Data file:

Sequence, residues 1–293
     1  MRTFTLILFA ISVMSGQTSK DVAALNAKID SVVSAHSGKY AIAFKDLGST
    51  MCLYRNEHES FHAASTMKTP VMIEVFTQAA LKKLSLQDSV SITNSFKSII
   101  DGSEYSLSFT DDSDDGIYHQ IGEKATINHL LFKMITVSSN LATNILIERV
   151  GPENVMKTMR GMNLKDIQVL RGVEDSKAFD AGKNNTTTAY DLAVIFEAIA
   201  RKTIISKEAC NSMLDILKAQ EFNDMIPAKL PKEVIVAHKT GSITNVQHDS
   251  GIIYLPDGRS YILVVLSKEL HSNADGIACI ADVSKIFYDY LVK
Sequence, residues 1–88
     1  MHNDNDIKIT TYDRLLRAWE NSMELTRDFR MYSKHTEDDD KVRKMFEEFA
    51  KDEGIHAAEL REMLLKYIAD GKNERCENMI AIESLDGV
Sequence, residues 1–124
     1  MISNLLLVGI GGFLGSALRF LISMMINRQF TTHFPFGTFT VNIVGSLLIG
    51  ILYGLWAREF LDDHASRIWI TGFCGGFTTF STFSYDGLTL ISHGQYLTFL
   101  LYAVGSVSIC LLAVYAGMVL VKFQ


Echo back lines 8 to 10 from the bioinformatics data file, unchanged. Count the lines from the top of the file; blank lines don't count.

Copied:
Sequence, residues 1–88
     1  MHNDNDIKIT TYDRLLRAWE NSMELTRDFR MYSKHTEDDD KVRKMFEEFA
    51  KDEGIHAAEL REMLLKYIAD GKNERCENMI AIESLDGV